Ever since smartphone cameras became commonplace and you could quickly and conveniently grab a picture of anything anywhere, I’ve been taking pictures of unusual or interesting signs I come across.
I find signs fascinating from a design perspective. Sometimes you hear people cynically say that if you see a sign telling you not to do something, it means somebody did that thing. This probably isn’t quite true, but signs usually are placed to solve some kind of problem, whether it’s occurred in the past or only in someone’s overactive imagination, and it’s fun and instructive to try to identify what that problem is.
Sometimes it’s pretty straightforward. For instance, there’s the long list of specific things you can’t do:
(My favorite is, “It is forbidden to make a fuss by kicking or drinking alcohol.” At least in the English version, both are apparently fine as long as you don’t make a fuss, as is arriving already drunk, or kicking without making a fuss.)
These get much funnier when they call out a specific behavior, like this sign Wal-Mart started posting recently:
They get weirder. I spotted this one outside a motel in Minnesota. Who the heck makes these prefabricated “no-dog-peeing” signs?! If I can find out, maybe I should get one for my yard.
And other times they get so specific you start to wonder if anyone will ever actually try to do that thing again (I’m quite confident this one is a manifestation of “someone did that”):
But sometimes they point out that something’s been designed poorly, and this is where they get really interesting. The sign is being used in a last-ditch attempt to cover over the design problem (with limited success, because as everyone who’s worked in any service industry knows, people rarely read signs). Starting to identify these kinds of signs is great practice for spotting small problems you might be able to actually fix instead of just papering over. For instance, this one draws attention to the fact that some combination of the toilet and toilet paper evidently flushes especially poorly:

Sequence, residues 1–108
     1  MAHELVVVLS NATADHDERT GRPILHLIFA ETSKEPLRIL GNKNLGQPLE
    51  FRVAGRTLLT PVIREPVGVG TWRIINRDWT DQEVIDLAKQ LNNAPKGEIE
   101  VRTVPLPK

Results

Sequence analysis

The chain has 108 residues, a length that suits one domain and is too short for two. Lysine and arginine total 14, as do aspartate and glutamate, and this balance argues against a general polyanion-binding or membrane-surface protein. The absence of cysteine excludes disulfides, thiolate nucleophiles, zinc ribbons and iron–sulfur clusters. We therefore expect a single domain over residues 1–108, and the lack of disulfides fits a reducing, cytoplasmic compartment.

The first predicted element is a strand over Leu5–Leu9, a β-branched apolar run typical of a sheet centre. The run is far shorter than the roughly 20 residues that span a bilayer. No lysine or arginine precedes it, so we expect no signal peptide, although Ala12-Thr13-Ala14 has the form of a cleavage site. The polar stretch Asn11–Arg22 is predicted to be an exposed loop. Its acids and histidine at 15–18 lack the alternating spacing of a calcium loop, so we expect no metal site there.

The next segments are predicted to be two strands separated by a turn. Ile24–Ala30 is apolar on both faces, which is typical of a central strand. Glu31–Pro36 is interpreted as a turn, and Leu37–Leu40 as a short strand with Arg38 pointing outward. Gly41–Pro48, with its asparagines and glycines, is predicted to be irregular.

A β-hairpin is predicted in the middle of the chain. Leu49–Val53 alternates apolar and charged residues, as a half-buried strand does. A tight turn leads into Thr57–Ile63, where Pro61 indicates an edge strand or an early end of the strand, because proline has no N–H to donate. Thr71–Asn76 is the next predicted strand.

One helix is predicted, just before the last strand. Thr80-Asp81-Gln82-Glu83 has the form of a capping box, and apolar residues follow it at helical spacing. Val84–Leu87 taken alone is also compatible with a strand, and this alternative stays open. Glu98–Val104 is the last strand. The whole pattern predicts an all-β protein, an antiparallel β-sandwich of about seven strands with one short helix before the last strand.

These boxes probably shouldn’t just be sitting in a public place on a table:
Here it seems nobody can decide on how the door should be used (they should figure that out first!), but once they do, an automatic lock or no lock should likely be used:
This door was installed without a window in a place where you can’t stay out of the way of the door while approaching it:
And one of my recent favorites was this entire device – with a complicated sign explaining its use. The need for this whole dumb device and all of the disposable paper it dispenses could have been eliminated by the simple expedient of having the restroom door swing the other way so you could open it with your shoulder. To add insult to injury, the space inside the door was so small you practically had to lean against the wall to open it, and there’s no way someone with a wheelchair or other mobility device could have managed.
I’ll leave you with “How to Use a Toilet,” an informational display on the Shinkansen bullet trains in Japan. It teaches a great deal about cultural differences in toilet use in Asia.